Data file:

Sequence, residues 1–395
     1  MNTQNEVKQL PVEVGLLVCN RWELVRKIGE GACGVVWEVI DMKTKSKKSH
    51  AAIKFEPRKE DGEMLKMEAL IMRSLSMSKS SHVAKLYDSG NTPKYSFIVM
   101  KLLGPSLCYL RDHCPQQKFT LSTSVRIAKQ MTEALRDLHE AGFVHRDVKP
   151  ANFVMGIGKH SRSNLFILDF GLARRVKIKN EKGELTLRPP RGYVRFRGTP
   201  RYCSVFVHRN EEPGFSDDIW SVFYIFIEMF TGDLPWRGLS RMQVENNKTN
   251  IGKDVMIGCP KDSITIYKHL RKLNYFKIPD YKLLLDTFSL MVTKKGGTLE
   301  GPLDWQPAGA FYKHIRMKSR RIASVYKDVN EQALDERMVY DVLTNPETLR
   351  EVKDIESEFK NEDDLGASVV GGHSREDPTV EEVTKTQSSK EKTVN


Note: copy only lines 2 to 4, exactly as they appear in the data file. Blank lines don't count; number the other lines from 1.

     1  MNTQNEVKQL PVEVGLLVCN RWELVRKIGE GACGVVWEVI DMKTKSKKSH
    51  AAIKFEPRKE DGEMLKMEAL IMRSLSMSKS SHVAKLYDSG NTPKYSFIVM
   101  KLLGPSLCYL RDHCPQQKFT LSTSVRIAKQ MTEALRDLHE AGFVHRDVKP